Wednesday 13 May 2020

Réjean Ducharme’s Masterpiece—Now In English

On September 2020, Véhicule Press will be publishing Swallowed, a new authoritative translation of L’avalée des avalés, the late Réjean Ducharme’s 20th century masterpiece. Originally released in France in 1966 by Gallimard, after being rejected by every publishing house in his native Québec, Ducharme’s debut has been unavailable to English readers since 1968. The story of Véhicule Press acquiring the translation rights to Swallowed is a fascinating tale in itself—one that is part ambition, part luck and part fate. You can read Esplanade editor Dimitri Nasrallah’s vivid account of attaining those rights below. (When you're done, you can pre-order the book here.)
I first discovered that L’avalée des avalés had been out-of-print in English since 1968 when The Walrus magazine asked me to write an appraisal in the weeks following Réjean Ducharme’s death. The novel’s absence struck me as a significant cultural omission. An important part of Québec’s literary foundation was missing from Canadian letters. As an editor, I immediately sensed an opportunity, though I wasn’t sure how realistic a pursuit it was.

On the one hand, times had changed since Barbara Bray’s translation of the novel had first appeared in 1968. Canada now had a publishing industry that was now half a century strong. The oft-tumultuous relationship between English and French Canada had calmed and matured over the past two decades. Generations of legislation in Québec pertaining to the French-language had also groomed a wealth of homegrown translators who were better equipped to tackle Ducharme’s slippery prose, complex wordplay. and multi-layered allusions. But there were other obstacles. Gallimard is half a world away and used to selling English-language rights on a global scale, while Véhicule Press is a boutique independent in a country that is itself a subset of Gallimard's North American territory. Surely a half-century-old book from their back catalogue was a low priority for an organization preoccupied with international book fairs and a raft of contemporary titles to sell. They could consider our market too small for them. Would we approach the venerable institution responsible for publishing many of the twentieth century’s great authors?

An exchange began with their rights department. They were initially receptive to the idea, but had little background on the linguistic particulars of our region and no prior knowledge of our publishing house. Would we not want to publish the existing 1968 translation by British academic Barbara Bray, they asked. Our ambition was to have the novel re-translated by someone who had a natural understanding of Québécois idiom, and who could communicate the particularities of the original French in a way they had never before been served. Without a track record in international publication deals to bolster our cause, we were concerned our publishing circles were too far apart; Gallimard probably had more pressing activities underway.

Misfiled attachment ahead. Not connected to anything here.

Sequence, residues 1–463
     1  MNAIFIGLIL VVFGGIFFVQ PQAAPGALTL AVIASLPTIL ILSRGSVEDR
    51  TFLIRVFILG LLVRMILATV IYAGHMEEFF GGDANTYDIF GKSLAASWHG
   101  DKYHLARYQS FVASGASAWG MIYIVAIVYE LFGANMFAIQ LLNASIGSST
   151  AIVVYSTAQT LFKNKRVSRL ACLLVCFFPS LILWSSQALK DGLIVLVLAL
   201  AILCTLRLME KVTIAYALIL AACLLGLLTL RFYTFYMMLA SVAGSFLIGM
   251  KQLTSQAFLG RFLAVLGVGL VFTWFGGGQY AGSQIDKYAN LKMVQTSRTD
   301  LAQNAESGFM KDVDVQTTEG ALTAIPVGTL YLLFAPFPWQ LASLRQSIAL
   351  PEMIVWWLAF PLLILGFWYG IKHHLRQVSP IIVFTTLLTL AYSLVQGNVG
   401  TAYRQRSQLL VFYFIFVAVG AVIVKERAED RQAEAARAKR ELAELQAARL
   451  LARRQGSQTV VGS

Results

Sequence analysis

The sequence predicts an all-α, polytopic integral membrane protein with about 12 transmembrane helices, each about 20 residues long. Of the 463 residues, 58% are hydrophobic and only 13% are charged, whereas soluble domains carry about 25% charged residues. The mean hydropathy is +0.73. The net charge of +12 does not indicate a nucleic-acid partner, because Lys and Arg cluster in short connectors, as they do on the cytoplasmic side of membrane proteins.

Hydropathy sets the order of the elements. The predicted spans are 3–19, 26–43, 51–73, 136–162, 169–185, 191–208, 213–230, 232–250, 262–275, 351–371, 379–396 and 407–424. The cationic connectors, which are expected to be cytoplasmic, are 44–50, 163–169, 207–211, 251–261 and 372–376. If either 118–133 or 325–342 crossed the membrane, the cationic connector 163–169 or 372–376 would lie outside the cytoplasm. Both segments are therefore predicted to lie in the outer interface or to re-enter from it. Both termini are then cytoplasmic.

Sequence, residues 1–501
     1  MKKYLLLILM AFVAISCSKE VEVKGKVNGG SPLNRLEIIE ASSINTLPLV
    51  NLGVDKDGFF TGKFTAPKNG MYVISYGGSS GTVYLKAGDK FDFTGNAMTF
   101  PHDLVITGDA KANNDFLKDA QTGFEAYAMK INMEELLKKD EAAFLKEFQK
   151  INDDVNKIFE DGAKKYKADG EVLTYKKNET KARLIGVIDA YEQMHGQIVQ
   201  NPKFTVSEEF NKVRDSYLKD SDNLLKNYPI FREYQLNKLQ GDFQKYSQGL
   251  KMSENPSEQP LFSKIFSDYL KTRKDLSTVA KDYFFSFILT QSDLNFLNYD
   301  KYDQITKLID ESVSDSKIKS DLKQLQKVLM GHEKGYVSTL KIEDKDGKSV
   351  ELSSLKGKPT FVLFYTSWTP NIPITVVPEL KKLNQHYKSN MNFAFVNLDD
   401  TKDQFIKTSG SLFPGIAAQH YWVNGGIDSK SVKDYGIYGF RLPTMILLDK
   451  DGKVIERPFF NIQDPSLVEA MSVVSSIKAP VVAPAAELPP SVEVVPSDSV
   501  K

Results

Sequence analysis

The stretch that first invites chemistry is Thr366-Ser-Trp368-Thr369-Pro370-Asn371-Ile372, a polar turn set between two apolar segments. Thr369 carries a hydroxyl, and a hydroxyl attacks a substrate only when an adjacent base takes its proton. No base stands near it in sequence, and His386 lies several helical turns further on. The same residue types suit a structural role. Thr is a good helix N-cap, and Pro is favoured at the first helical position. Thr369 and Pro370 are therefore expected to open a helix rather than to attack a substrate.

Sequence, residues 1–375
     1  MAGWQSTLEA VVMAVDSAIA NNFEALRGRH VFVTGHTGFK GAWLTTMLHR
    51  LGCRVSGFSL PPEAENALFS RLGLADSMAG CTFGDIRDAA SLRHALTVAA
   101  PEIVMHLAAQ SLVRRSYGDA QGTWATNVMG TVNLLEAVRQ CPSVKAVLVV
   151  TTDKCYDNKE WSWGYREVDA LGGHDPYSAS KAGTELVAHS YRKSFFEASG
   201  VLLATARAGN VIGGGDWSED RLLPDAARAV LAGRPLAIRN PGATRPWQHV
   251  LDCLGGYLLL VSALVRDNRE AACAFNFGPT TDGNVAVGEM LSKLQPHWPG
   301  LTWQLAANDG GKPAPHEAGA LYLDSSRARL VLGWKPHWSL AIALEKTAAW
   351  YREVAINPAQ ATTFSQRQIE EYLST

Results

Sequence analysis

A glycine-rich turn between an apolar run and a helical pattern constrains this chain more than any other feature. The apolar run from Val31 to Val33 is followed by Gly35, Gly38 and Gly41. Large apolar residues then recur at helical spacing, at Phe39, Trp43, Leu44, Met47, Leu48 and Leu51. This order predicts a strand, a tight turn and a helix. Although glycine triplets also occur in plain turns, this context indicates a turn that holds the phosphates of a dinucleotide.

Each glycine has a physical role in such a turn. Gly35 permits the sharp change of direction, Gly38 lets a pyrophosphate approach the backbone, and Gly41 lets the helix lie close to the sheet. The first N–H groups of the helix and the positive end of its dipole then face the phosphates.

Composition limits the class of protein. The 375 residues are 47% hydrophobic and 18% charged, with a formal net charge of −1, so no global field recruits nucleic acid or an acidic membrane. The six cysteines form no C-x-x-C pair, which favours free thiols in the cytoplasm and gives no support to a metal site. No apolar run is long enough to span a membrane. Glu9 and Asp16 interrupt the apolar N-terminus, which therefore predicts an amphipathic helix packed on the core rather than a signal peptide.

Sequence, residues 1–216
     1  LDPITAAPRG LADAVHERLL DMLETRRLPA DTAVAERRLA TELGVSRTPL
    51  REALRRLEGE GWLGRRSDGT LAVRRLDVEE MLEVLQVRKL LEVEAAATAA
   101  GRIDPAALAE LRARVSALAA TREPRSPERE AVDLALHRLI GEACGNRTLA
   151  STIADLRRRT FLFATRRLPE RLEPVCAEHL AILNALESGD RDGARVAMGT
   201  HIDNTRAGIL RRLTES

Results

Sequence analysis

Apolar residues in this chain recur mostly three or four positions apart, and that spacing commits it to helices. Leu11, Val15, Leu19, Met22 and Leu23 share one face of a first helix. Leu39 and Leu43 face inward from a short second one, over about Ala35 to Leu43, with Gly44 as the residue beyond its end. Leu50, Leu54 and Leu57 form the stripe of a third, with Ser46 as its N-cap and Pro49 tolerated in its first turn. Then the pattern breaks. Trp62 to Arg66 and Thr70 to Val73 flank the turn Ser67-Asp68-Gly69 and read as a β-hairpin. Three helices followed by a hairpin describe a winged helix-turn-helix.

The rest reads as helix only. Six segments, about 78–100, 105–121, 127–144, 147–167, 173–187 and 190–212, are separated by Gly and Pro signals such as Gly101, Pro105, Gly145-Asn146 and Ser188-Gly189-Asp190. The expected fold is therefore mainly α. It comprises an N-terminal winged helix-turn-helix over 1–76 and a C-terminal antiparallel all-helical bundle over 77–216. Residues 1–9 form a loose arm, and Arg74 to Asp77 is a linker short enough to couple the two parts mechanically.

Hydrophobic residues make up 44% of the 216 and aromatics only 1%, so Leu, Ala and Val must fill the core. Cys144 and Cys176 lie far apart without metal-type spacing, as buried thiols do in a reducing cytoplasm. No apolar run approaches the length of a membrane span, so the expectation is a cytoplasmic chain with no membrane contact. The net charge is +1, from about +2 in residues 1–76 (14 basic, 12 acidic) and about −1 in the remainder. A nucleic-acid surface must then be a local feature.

As luck would have it, in March 2018 I was invited to attend the Paris Book Fair to promote my novel Niko, which had just been published in France. With a trans-Atlantic visit in hand, we restarted the conversation with Gallimard, to see if I could meet with their rights director in person and articulate the unique case for bringing Ducharme back to Canada. I am grateful to Camille Cloarec, at the time the Book and Debates Officer at the Consulate General of France in Toronto, for taking up our cause and communicating our desires to Gallimard from a much more reputed vantage point than our own. A few days later, I found myself in Paris, standing outside the unassuming door of the legendary publishing house, with less than two hours’ sleep after an overnight flight.

Once we were able to sit down in the same room, we were fortunate enough to hit it off and an agreement emerged quickly. It turned out that Anne-Solange Noble, the head of English rights at Gallimard, was born and raised in Montreal. She understood the underlying cultural value of what we were proposing, and saw it as part of the ongoing unique relationship between the French and English languages in Canada. We rhapsodized about the city, its street life, as well as people she remembered from Montreal’s Anglo literary community of the seventies. A new English translation, she agreed, could be useful to Gallimard in brokering rights requests in other markets.

Two years have passed since that fortuitous meeting. In that time, translator Madeleine Stratford has produced this new translation of L’avalée des avalés. Swallowed differs from Barbara Bray’s The Swallower Swallowed not only in its translator’s proximity to the regional roots of the original French, but also in its rendering to a looser and more figurative, more acrobatic English. Stratford’s translation of Ducharme is, to my ear, playful and lyrical and utterly timeless.

After more than half a century of languishing out of print, the book that transformed Québécois culture during the Quiet Revolution is finally available for Canadian readers to discover.

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